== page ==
Let us say there are 100 outstanding shares of company X held by investor A. Investor B comes in, borrows these 100 shares and short sells them to investor C.

Which means, outstanding shares=100, short interest =100.

Investor B borrows these 100 shares again from C and short sells them to investor D.

So now, short interest is 200 and outstanding shares is 100.

In this case, how can B fulfill his obligation to return the 100 shares to A and 100 shares to C? He can only buy 100 shares but he is short 200 shares

  • 2
    D and C are both long 100 each. B can buy from both to close the positions. Feb 14, 2015 at 23:35
  • Thanks. I am confused between your answer and mike Scott answer. They both seem correct, but they aren't the same.
    – Victor123
    Feb 15, 2015 at 3:36
  • 1
    I can't source it but I believe that borrowed shares cannot be loaned out again. IOW, B can borrow from A and sell to C but C cannot loan those shares out for another short sell. If that were allowed, short sellers would have an infinite supply of shares to short. Dec 17, 2019 at 14:22
  • Then hedge fund owners get very angry on national TV and collude with stock brokers to avoid the situation. (Future readers: Google 'wallstreetbets gamestop short squeeze robinhood') Jan 29, 2021 at 20:41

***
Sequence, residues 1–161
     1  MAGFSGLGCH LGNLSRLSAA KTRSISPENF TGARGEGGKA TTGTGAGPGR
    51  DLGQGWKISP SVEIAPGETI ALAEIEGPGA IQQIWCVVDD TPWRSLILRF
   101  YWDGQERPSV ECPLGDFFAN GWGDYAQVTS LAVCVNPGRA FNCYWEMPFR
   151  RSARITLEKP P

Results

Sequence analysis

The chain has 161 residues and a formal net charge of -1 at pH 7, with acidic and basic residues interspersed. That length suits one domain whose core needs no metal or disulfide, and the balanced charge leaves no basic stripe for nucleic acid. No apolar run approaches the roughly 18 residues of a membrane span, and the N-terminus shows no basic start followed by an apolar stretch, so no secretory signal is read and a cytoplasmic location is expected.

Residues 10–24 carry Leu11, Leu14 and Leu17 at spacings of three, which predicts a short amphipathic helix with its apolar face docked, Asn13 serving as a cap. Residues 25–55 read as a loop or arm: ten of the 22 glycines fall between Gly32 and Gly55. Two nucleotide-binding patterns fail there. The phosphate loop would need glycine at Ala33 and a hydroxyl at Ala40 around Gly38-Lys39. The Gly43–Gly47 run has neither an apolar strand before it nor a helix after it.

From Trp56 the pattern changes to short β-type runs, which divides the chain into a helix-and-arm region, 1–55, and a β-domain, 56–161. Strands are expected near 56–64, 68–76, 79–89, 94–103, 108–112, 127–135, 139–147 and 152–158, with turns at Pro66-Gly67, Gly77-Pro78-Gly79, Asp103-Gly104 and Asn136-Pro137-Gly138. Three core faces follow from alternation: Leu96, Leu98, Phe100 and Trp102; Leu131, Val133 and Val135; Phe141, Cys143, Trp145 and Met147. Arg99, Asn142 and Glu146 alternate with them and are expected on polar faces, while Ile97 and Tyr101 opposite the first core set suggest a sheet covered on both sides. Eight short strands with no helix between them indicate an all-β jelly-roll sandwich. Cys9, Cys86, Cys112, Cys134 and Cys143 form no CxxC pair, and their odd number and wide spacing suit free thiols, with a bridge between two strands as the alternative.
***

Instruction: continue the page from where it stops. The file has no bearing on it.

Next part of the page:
1 Answer 1


It's called a short squeeze, and for example happened to Volkswagen in 2008. It's a known hazard of short selling, especially in thinly traded stocks. The answer is that investor D can charge investor B whatever he wants for the shares, since investor B has to have them.

  • Even if investor D charges a lot, he can only sell 100 shares, whereas B( not A) needs to buy back 200 shares,not 100.
    – Victor123
    Feb 14, 2015 at 21:47
  • Thanks, have corrected the error, And yes, so assuming investor B returns them to investor A, he then has to buy them back again (at whatever price investor A cares to charge) so as to return them to investor C.
    – Mike Scott
    Feb 14, 2015 at 21:50

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